Labels. They can be useful things; they tell us what’s in the tin, what not to touch, where to stand and so on. But they can also be cruel:‘coward’, ‘cissy’, ‘trouble maker’, ‘useless’, ‘pathetic’. And once acquired, labels seem to stick. They get passed on, copied and replicated and so more and more people begin to believe the label, without even thinking that it might not be true. Labels are used to accuse, and often, even when answered, they still stick tight.
This was even more so in Jesus’ day. Once a label stuck it was impossible to undo. So if Jesus had, on the day of today’s Gospel reading, been successfully branded as mad or evil, he would very likely have been locked up and may never have been released.
It was probably for this reason that Jesus’ family tried to take him away – out of harm’s way. Had the ‘demonic possession’ label stuck, the shame would be attached to Jesus’ family as well as to him. They too would become outcasts.
The onlookers were presented with a choice. What did they think about Jesus? Who were they going to believe? Was Jesus from God, or was he a manifestation of the devil? Some, no doubt, turned their backs and walked away. But others would have been able to see Jesus as good because of the fruits of his life and ministry. So they followed and were faithful. These, Jesus called his brothers and sisters. This was, in itself, a very radical thing to say. The Temple, its worship and customs, was the thing that bound people together. Jesus’ recognition of his followers as his family represents a shift – for his followers, their faith now revolved around Jesus – a person rather than an institution. You can see why the Scribes would have found this outrageous!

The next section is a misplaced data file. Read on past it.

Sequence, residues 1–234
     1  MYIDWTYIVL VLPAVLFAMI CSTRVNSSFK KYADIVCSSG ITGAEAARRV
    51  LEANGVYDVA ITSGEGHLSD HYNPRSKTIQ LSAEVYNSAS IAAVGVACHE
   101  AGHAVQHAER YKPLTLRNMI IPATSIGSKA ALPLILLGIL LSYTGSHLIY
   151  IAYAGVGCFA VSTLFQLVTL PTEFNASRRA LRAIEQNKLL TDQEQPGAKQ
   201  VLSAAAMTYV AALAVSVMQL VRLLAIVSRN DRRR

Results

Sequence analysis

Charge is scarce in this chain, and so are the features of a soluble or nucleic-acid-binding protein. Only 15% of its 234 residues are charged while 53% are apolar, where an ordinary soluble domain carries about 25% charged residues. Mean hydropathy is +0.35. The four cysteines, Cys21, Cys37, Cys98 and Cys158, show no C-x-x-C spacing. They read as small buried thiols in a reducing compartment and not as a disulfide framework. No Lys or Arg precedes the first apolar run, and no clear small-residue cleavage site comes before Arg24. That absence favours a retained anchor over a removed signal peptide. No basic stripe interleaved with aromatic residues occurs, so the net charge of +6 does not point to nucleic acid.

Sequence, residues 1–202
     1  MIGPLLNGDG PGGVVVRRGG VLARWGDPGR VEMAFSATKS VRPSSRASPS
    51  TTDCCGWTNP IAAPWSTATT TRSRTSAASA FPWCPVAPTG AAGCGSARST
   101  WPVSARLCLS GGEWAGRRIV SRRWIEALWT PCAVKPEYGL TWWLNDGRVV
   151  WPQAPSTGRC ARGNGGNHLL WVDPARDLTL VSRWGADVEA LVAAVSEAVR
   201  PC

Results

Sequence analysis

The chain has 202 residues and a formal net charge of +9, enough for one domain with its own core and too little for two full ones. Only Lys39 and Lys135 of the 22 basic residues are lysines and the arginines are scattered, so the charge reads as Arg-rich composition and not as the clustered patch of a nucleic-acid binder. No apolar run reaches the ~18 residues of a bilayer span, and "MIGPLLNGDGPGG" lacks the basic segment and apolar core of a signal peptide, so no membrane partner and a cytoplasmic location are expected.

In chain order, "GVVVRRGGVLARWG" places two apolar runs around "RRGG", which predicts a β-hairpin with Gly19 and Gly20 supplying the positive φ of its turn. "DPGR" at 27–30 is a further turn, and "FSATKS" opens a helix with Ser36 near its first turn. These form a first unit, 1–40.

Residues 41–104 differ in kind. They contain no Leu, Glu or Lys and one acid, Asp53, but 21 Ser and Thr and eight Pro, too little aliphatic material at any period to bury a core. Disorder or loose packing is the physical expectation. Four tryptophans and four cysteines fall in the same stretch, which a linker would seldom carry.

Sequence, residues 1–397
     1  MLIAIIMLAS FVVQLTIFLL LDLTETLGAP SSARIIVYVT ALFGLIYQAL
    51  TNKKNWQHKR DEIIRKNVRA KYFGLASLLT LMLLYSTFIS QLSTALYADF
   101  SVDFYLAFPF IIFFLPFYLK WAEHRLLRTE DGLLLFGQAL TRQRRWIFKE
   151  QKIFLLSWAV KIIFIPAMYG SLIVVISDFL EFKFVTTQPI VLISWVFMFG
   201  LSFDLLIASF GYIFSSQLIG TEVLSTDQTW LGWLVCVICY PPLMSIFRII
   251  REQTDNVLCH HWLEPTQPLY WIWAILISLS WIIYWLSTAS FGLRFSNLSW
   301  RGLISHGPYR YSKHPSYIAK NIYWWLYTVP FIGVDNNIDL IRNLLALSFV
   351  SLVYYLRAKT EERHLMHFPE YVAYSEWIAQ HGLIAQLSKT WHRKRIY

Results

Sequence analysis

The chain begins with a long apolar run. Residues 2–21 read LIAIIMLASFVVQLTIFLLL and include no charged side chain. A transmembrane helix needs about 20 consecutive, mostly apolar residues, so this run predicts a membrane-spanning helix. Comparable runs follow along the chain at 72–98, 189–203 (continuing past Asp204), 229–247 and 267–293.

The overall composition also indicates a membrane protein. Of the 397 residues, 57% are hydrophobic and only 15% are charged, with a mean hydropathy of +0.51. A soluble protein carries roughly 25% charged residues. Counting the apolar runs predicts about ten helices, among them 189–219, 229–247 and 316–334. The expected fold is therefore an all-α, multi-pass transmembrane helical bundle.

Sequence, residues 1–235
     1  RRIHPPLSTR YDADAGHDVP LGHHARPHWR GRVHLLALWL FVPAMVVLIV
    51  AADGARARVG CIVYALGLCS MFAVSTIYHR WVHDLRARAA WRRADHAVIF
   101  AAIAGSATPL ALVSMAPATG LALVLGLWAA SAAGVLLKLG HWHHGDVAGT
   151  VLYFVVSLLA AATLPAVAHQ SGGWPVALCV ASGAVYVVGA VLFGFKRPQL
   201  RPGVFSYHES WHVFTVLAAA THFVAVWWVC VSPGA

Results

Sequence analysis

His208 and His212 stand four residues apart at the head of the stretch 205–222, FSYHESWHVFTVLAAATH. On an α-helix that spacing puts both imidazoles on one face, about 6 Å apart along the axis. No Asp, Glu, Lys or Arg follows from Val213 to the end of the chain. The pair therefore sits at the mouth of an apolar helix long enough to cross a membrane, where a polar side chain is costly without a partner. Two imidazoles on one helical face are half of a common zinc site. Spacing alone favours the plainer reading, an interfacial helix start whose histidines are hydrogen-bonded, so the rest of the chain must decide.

And that is what we are: Jesus’ family. This is a worldwide family which anyone is welcome to join – an inclusive family, generous, warm and welcoming. Like Jesus, his family has the job of healing and serving. We’re good at this – caring people who seek to do good. But, like Jesus, sometimes we are called to stand against evil – Mark calls this ‘binding the strong man’. This is a startling image of evil: something powerful, thuggish, and frightening. Jesus talks of entering the strong man’s house by night and tying him up, in order to plunder his possessions.
It suggests that we need to take evil seriously. We tend to apply it to rare individuals – destructive political dictators, mass murderers, serial rapists. But evil, today, is generally less obvious, much bigger, more pernicious. Covid has laid bare some of the cracks in our society and in the world which have arisen from staggering inequalities both in terms of wealth and power. We are aware of environmental destruction but feel powerless because we are small people unable to affect the huge companies from which we buy food all wrapped up in plastic, goods which are built not to last, things which rely on the exploitation of other people in their production. We have our hands tied – the strong man walks free.
No matter how powerless we feel, there are others with whom we can work with for change. There are environmental movements to join. There are groups seeking to improve life for the poorest in the world. Or maybe you could twin your fridge as our children have done for the church and hall fridges. And we do have some choices we can make as individuals- fair trade or not? Loose potatoes or a handy pack in a plastic bag? Electricity from a green provider – or not? Stopping to think how clothing was manufactured before we bag a bargain. Sooner or later things will shift, but only if binding the strong man is a collective endeavour – none of us can bind the strong man alone.
Rev’d Dr Anne Morris
Vicar of St. Oswald’s Church, Knuizden